“Women-Friendly Mosques” Document Leaves Unanswered Questions
The “women-friendly mosques” document allows male-run mosques to obey the letter of the law without significantly improving the situation of women in US mosques today.
By Shahed Amanullah, June 24, 2005
On the face of it, the recent brochure (.pdf) about women’s rights in the mosque has caused much excitement, particularly among those who have been pushing for years for increased equity in mosque operations and facilities. The call for women to be in the main prayer hall along with men, backed by major Muslim organizations, seems to be a difficult pill for many conservative mosques to swallow. However, a closer read of the document shows that there is a great deal of wiggle room that allows male-run mosques to obey the letter of the law without ceding much control or significantly improving the situation of women in North American mosques today.
Women’s speech at the mosque?
The document addresses the near-total absence of women’s voices in the mosque by calling for the inviting of women scholars to hold seminars, which on the face of it seems to be a good thing. But the intention of this document becomes clearer with the subsequent call for women to “introduce speakers, offer opening and closing dua or prayer during educational programs, moderate panels, and direct question and answer sessions” - in short, do everything but address the combined body of the mosque in an authoritative manner. But what about the call for women scholars to hold seminars in the mosque? Seminars, by definition, are optional affairs that are attended only by those who wish to participate. In a more conservative mosque, this means that women scholars will come and give a seminar to the women of the mosque - hardly a dramatic change from the situation today. And in a collective, “non-seminar” setting, the best that Muslim women can hope for is to introduce the main (male) speaker.
Appointed or elected?
A discussion of mosque governance that does not use the word “elect” and “women” in the same sentence cannot be taken seriously. Sure, the document calls for women to be “represented on governing boards” with “at least two seats… designated to be held for women.” But which women? Is it for people to be elected fairly by the mosque population, even if it makes the men of the Board uncomfortable? Or - as this document suggests - it is for the men to appoint those women who agree with their style of leadership and will preserve the status quo? The situation at conservative mosques suggests that this is the path that will be taken, absolving the board of any accusation of bias because they are following the letter of the “women-friendly mosques” declaration. Where does this leave women? Free to use “suggestion boxes” and “bulletin boards” to appeal to the mosque leadership, with no guarantee of change.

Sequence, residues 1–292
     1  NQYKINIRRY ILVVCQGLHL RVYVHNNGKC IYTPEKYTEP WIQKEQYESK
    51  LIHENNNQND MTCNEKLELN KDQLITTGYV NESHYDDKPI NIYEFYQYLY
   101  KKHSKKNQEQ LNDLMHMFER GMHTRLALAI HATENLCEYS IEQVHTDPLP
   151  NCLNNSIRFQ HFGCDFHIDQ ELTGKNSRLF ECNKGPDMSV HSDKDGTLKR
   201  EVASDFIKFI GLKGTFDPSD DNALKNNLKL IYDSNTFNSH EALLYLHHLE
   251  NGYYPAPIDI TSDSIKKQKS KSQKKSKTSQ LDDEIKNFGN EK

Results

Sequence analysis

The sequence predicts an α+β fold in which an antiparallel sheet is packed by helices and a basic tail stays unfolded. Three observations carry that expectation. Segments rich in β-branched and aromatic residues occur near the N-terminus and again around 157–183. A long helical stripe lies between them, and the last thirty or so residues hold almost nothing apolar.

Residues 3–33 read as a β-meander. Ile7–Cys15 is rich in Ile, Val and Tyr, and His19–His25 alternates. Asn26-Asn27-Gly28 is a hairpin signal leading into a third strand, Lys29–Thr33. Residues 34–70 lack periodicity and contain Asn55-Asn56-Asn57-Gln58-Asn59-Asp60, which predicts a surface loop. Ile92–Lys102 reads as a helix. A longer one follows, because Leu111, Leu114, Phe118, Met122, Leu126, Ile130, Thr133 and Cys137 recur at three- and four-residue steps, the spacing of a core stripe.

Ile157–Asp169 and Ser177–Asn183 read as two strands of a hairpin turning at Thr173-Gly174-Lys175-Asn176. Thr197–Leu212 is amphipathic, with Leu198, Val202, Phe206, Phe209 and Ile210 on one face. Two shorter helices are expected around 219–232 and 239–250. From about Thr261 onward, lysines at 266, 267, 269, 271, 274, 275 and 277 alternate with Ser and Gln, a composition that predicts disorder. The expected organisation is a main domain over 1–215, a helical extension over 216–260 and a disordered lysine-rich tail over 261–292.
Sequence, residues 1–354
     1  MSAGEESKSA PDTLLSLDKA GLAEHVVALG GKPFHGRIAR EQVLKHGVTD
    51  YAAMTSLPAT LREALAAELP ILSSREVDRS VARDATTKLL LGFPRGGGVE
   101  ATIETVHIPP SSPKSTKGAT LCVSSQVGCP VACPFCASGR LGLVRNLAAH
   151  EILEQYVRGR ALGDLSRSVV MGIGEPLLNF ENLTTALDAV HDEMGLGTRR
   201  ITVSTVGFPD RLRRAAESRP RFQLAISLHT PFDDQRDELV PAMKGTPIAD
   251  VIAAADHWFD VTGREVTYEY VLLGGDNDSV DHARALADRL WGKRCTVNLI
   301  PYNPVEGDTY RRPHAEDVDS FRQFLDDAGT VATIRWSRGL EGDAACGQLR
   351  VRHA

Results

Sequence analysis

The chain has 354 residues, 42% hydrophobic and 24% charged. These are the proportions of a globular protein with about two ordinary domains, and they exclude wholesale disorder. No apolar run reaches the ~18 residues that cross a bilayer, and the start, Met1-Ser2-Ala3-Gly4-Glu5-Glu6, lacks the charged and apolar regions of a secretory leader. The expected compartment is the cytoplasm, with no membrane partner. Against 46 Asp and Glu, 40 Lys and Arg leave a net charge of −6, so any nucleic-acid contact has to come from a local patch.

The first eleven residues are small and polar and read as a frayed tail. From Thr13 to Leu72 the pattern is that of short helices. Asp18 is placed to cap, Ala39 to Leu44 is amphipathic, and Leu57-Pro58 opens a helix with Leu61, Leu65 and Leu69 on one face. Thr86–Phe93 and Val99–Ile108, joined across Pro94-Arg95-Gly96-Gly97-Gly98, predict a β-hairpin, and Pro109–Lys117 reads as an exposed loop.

Separate and unequal?
The issue of women’s space in the mosque is probably the most sensitive point for pro-women activists, and has most visibly illustrated the problem of gender inequity. This document, while allowing for women to co-exist in the main hall with men, leaves many unanswered questions. Can women enter through the main entrance? It appears not, as the document calls for a safe (presumably separate, not necessarily equal) entrance exclusively for women. It allows for women to be in the same musalla as men, yet says nothing about barriers that can be erected between the genders. Of course, conservative mosques will erect a floor-to-wall barrier within the main room, and declare with great satisfaction that they have complied with the “women-friendly mosques” document, when in fact they have created yet another separate space, only this one isn’t in the basement anymore.
This document is worded in such a careful way as to allow current ultraconservative mosques to operate as-is, with only minor changes. Unless our institutions are willing to come clean, with clear, unambigious language that leaves no room for opponents of change to wiggle free, documents such as this will only serve to clear the conscience of those troubled by accusations of inequity, without changing anything on the ground.
Shahed Amanullah is editor-in-chief of alt.muslim. Originally published on the alt.muslim website at http://www.altmuslim.com/perm.php?id=1480_0_25_0_C and reprinted in TAM with permission of the author.